Lawmakers have called to increase funding for the Pentagon’s unidentified aerial phenomena research office following the release of the Biden administration’s budget request.

During a Senate Armed Services Committee hearing on Tuesday, Sen. Kirsten Gillibrand (D-N.Y.) questioned senior Pentagon officials, including Secretary of Defense Lloyd Austin, about the budget request for the All-domain Anomaly Resolution Office. Questions from Gillibrand, who chairs the Armed Services Subcommittee on Emerging Threats and Capabilities, focused on why the office was underfunded for the second year in a row.

“The incidents last month involving the Chinese high-altitude balloon and the three unknown objects highlighted the need for us to continue to improve our understanding of UAP’s over U.S. airspace,” Gillibrand said.

In response, Austin pledged to fully fund the office in the future, and said the Pentagon requested $11 million for its research in the fiscal year 2024 budget.

Military Times has reached out to Gillibrand’s office for clarification on the figure, which was disputed during the hearing. The Pentagon did not respond to a request for comment about Austin’s remarks as of publication. On March 14, Pentagon spokesperson Susan Gough told Military Times the fiscal year 2024 AARO budget figures were classified.

Gillibrand has focused on AARO funding and coordination since the office’s inception. In 2021, Gillibrand introduced an amendment to the 2022 National Defense Authorization Act to replace the Office of Naval Intelligence’s Unidentified Aerial Phenomena Task Force with the AARO. The goal of the restructuring, she said, was to increase intelligence sharing between the Pentagon and the Office of the Director of National Intelligence.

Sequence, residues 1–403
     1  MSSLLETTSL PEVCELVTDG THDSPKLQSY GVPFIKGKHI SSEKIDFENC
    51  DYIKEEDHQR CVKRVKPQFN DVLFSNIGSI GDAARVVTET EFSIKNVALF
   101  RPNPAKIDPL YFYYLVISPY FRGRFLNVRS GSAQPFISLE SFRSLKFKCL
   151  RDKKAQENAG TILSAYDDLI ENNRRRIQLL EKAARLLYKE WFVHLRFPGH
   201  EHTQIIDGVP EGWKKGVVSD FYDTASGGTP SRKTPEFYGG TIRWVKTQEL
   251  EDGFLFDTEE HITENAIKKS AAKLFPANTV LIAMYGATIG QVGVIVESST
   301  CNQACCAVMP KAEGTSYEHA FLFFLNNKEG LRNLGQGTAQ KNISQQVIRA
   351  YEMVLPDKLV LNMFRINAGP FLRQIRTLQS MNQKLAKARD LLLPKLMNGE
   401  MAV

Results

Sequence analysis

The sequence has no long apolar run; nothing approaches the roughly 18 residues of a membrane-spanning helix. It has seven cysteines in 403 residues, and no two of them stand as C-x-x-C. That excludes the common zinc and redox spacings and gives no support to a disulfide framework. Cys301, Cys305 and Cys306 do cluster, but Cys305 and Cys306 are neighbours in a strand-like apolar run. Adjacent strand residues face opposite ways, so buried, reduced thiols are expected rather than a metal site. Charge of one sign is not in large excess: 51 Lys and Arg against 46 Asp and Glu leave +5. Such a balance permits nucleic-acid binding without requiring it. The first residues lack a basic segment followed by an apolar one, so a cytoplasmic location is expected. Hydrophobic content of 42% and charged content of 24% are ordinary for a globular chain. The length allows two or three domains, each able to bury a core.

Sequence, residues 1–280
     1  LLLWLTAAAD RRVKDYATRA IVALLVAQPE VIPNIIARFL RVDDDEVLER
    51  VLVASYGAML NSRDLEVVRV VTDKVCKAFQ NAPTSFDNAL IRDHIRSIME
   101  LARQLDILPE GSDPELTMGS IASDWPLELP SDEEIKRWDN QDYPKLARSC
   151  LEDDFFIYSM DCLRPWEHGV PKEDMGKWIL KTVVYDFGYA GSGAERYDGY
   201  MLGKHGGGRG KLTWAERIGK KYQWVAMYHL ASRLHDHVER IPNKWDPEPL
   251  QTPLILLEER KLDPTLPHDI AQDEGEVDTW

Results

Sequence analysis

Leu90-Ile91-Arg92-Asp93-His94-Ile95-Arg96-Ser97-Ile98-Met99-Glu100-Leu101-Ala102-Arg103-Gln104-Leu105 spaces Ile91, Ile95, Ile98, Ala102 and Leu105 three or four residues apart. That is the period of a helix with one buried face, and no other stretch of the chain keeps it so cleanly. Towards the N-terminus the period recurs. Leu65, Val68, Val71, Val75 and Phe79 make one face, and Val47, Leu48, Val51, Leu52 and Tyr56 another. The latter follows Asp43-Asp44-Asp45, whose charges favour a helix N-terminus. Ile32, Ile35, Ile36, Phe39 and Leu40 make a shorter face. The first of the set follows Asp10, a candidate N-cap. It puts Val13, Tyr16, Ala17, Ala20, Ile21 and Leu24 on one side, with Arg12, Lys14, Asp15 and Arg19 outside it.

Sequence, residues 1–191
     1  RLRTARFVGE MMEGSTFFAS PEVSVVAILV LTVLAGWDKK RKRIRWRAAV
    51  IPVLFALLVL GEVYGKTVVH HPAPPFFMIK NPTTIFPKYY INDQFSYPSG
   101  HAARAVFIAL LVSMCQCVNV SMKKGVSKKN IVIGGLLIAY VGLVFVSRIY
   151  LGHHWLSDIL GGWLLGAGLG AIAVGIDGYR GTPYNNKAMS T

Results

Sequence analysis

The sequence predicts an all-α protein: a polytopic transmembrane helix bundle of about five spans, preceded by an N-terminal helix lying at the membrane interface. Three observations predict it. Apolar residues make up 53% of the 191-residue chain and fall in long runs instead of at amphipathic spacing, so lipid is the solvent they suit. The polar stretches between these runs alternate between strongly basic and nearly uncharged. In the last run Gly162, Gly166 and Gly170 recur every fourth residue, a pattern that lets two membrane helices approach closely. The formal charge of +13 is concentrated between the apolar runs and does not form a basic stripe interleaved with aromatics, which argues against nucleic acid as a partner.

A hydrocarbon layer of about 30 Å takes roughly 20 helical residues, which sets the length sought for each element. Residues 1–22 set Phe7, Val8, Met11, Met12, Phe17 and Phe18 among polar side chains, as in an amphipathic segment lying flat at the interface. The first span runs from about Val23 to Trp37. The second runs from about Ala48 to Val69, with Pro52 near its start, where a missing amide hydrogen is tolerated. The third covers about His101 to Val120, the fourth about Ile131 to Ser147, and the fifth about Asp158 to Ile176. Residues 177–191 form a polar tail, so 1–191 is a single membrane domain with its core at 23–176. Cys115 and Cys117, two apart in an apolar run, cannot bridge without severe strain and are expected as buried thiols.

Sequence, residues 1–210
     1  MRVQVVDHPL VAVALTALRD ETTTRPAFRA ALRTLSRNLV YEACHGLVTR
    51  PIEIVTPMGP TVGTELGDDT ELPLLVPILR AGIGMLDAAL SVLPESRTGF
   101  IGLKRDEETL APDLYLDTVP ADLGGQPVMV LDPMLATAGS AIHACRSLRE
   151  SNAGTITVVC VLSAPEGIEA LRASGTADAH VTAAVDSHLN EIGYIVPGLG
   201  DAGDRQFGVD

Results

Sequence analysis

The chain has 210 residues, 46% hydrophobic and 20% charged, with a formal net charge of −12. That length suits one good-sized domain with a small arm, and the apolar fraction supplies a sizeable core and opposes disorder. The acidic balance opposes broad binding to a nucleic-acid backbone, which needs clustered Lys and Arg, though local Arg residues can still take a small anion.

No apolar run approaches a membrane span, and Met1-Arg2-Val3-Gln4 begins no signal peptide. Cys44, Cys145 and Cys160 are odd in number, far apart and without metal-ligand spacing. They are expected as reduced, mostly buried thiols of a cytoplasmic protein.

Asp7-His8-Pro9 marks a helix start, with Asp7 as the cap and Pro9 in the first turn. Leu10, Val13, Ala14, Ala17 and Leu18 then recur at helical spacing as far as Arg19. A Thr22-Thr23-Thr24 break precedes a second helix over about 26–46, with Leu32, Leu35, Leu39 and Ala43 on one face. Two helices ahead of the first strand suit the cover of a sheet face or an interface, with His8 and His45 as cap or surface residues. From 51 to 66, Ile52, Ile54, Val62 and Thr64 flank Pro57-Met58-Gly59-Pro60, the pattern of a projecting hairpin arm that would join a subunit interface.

“Our national security efforts rely on aerial supremacy and these phenomena present a challenge to our dominance over the air,” Gillibrand said in a statement on Dec. 9, 2021, ahead of the office’s formation. “Staying ahead of UAP sightings is critical to keeping our strategic edge and keeping our nation safe.”

As part of the amendment’s text, the ODNI is required to release an annual public report on UAPs.

On Feb. 16, Gillibrand and Sen. Marco Rubio (R-Fla.) wrote a letter signed by 12 other senators to Deputy Secretary of Defense Kathleen Hicks and Deputy Director of National Intelligence Stacey Dixon calling for full funding for the AARO. In the fiscal year 2023 budget, the Biden administration failed to fund anything besides basic operating expenses for the AARO, lawmakers argued.

“They just put a placeholder number on it,” Rubio told Military Times on Wednesday. “Luckily, we’re not going to pay attention to [the Biden administration’s] budget numbers.”

“I think they need enough to do their job. If not, don’t have it,” he added.

Gillibrand also questioned Pentagon Comptroller Michael McCord about their budget request for AARO. McCord said he was not told by the Under Secretary of Defense Intelligence and Security Ronald Moultrie, who has purview over AARO, that the office needed more funding.

“[AARO] is a relatively new office we are standing up,” McCord testified. “I am under the impression that we have adequate funding for the relatively new [office].”

Zamone “Z” Perez is a reporter at Military Times. He previously worked at Foreign Policy and Ufahamu Africa. He is a graduate of Northwestern University, where he researched international ethics and atrocity prevention in his thesis. He can be found on Twitter @zamoneperez.

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